Richard Barth's Weekly Thoughts: To and Through During COVID-19ByRichard Barth, KIPP Foundation CEO
As the reality of the pandemic has settled into our daily lives, we’ve adapted to create a new kind of stability—shifting from onsite to virtual education, and from a crisis-level response to thinking about delivering all needed services to our KIPPsters for the foreseeable future in new and innovative ways. We’re focused on all this while fostering connections in ways we might not have imagined before now.
In the face of these challenges, our incredible Team and Family is bringing their best thinking to bear. This includes re-envisioning every facet of our normal spring milestones; like how we celebrate graduations and support students on their way to college and career. It also extends to innovative thinking about how we as a community can stand together with our alumni and higher ed partners as they face new, unexpected challenges due to campus closures.
Before we jump in with updates, I have an ask. If you or your team is thinking of creative ways to celebrate graduation virtually, please contact Ashley Huerta. We’re crafting a playbook and need your very best thinking. More than ever, we must find meaningful ways to celebrate our KIPPsters’ dedication and determination.
This week I’m excited to share stories that highlight the work of our mighty KIPP Through College (KTC) teams and to give you a snapshot of what’s coming for our national alumni network.
Navigating College Decision-Making, Virtually
This year more than 6,000 high school seniors will graduate and go on to a college or a career and technical education program. Many are grappling with the challenges of not being able to visit prospective schools this spring. We see our KTC teams across the country going the extra mile to support them at this moment.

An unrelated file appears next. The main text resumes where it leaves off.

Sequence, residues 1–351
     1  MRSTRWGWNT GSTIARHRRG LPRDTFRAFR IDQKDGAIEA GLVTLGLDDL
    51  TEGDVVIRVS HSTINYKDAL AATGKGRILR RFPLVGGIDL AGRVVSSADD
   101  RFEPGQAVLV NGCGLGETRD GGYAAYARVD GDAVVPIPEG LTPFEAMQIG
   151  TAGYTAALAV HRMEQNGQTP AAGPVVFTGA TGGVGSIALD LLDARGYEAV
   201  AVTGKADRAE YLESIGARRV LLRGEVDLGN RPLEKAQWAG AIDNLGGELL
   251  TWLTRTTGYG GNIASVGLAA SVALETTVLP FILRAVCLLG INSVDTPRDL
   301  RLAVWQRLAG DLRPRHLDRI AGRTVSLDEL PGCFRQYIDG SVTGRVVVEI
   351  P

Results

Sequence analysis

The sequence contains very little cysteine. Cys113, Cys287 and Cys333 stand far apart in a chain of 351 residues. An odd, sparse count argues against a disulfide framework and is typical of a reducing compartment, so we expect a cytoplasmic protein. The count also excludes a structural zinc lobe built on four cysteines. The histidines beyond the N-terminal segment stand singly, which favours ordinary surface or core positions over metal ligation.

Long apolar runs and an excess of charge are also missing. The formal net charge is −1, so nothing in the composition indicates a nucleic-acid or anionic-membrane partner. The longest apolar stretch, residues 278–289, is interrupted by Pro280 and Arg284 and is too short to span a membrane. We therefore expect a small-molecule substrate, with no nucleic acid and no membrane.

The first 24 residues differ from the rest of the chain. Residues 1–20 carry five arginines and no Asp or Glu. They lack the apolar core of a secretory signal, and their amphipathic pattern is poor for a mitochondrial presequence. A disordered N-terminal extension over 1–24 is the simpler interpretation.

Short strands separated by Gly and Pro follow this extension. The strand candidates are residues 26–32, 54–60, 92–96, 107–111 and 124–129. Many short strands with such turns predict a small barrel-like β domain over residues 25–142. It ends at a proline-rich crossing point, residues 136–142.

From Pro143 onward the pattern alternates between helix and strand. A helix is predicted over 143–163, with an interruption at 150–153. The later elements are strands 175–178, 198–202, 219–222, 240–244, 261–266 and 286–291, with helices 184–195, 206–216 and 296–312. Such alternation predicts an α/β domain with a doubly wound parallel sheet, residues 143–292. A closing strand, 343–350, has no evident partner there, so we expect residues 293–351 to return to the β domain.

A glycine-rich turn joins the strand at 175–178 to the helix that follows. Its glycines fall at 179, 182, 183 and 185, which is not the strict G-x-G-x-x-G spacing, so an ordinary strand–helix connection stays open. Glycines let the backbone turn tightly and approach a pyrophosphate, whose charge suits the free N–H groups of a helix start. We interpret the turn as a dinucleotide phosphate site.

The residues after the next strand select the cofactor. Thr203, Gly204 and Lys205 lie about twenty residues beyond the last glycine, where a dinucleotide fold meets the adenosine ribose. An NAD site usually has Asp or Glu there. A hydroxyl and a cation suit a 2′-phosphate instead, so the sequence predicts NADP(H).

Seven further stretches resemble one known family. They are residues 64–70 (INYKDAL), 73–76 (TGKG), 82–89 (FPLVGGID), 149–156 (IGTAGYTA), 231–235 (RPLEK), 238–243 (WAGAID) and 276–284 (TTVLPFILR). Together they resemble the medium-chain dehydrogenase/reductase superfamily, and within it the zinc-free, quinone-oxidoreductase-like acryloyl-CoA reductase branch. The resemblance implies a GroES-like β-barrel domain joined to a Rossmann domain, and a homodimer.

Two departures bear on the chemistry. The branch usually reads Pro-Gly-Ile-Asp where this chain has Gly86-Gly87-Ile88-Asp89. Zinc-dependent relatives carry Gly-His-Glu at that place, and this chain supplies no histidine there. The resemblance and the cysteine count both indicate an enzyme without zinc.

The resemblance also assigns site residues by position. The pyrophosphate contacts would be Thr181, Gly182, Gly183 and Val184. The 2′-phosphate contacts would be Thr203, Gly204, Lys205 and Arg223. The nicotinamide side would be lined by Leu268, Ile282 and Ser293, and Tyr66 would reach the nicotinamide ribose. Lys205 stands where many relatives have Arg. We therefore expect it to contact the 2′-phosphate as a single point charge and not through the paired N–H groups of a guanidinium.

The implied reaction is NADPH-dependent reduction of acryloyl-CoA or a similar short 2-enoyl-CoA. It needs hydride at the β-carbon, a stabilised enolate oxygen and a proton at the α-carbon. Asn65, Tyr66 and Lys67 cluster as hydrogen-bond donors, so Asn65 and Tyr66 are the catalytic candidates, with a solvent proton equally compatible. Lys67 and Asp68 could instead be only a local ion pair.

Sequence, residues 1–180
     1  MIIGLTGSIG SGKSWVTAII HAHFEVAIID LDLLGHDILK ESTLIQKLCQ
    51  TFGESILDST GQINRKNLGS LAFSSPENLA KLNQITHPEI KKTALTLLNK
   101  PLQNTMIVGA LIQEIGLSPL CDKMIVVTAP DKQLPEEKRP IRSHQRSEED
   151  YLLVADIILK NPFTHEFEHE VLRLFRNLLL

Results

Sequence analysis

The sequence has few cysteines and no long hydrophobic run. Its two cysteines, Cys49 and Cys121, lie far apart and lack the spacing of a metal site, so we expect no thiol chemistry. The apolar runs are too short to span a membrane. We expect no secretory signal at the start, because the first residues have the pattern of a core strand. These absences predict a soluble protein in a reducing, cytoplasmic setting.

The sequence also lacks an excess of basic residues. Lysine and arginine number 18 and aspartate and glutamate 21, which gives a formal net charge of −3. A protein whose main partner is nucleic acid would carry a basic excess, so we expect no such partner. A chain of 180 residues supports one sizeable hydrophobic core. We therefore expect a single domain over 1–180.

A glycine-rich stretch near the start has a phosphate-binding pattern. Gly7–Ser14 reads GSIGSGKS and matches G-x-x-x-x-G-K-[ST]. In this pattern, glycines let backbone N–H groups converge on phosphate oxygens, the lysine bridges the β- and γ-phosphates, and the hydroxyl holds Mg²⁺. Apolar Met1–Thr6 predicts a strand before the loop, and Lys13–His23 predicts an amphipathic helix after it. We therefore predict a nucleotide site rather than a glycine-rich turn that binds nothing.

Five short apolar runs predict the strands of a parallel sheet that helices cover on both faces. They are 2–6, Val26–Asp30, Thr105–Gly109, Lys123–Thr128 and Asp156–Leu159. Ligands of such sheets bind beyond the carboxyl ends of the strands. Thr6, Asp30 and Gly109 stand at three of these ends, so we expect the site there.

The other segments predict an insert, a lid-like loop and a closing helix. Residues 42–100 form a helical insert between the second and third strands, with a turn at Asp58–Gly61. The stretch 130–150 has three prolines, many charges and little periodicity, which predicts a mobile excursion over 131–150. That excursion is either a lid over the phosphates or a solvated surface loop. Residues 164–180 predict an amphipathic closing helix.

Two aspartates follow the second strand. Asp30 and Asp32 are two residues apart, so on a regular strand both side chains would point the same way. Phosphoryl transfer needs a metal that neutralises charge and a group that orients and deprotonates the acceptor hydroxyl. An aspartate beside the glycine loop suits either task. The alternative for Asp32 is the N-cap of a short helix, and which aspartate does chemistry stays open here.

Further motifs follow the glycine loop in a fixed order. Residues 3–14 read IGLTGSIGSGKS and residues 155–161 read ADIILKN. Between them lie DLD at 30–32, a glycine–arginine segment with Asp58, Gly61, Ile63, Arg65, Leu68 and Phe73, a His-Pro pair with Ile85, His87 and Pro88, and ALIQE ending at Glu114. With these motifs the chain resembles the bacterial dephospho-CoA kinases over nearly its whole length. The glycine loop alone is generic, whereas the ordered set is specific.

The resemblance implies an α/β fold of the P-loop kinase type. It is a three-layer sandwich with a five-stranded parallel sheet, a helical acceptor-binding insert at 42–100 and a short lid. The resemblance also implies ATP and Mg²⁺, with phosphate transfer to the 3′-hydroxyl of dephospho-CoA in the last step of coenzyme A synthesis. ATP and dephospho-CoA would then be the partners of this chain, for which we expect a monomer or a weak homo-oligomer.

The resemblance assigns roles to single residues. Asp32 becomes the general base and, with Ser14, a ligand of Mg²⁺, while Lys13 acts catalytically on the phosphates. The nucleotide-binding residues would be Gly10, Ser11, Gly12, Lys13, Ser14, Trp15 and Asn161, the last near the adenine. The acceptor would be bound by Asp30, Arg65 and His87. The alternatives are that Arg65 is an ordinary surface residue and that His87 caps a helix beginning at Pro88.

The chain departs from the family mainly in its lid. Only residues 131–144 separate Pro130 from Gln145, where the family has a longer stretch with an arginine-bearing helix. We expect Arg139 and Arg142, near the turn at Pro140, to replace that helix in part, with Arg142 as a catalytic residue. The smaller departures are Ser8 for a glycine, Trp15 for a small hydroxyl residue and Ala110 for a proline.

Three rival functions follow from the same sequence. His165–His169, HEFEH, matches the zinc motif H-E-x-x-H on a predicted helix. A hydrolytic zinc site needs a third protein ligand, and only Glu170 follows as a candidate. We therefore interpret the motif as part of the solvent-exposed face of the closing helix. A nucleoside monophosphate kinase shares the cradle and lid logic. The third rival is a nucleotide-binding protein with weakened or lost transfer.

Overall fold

Kimbrielle and Katia are twin sisters from Jacksonville who are in the process of deciding which college is their best choice. Kimbrielle has received seven acceptance letters from schools in and out of state, and Katia has four in hand, waiting on others to arrive. Ideally, they’d like to attend the same college so that things would be easier on their Mom. While they were able to visit a few campuses while at KIPP Jacksonville’s Impact Middle School, with college campuses closed and travel restricted, the already complex set of choices they had expected to be making at this moment feel even more so.
To support KIPPsters like Kimbrielle and Katia and their families as they weigh these decisions, Erin Almond and our KTC team in KIPP Jacksonville are hosting virtual office hours and one-one-on meetings for students via Zoom; checking on them and offering support to navigate potential roadblocks towards a decision. They’re also hosting larger webinars to share information like Junior Next Steps and Evaluating Financial Aid Awards. During a series of individual meetings with senior Da’Vory, Erin’s team was able to help her understand her financial aid award and complete all of her matriculation steps to attend the University of North Florida. She is excited to start classes remotely this summer, and relieved to have completed every part of the process.
In Nashville, our KTC team quickly pivoted in the crisis, assembling a multi-disciplinary team to create a customized, virtual matriculation plan for each KIPPster; supporting them and their families in working through each critical step of the process. Nashville KTC Director Chaelsa Williams-McKay recently worked on Zoom with Nashville’s College Readiness 12 teacher, Dean of College Counseling, and the full persistence team to create an online matriculation guide for senior Hassan Ali, who opted for an Early Decision to Duke University. Hassan and his older brother worked with Chaelsa’s team to map out the steps they will need to take in the weeks and months ahead for Hassan to show up ready in the fall.
Nudge: A Virtual Hand Getting To and Through
Most of our KIPPsters are the first in their families to go to college. A well-timed text, or ‘nudge’ can help our alums make the journey. Nudges—around enrolling in classes, applying for housing, accessing student aid, finding work study, and finally moving in and attending class—can help alums realize their dreams.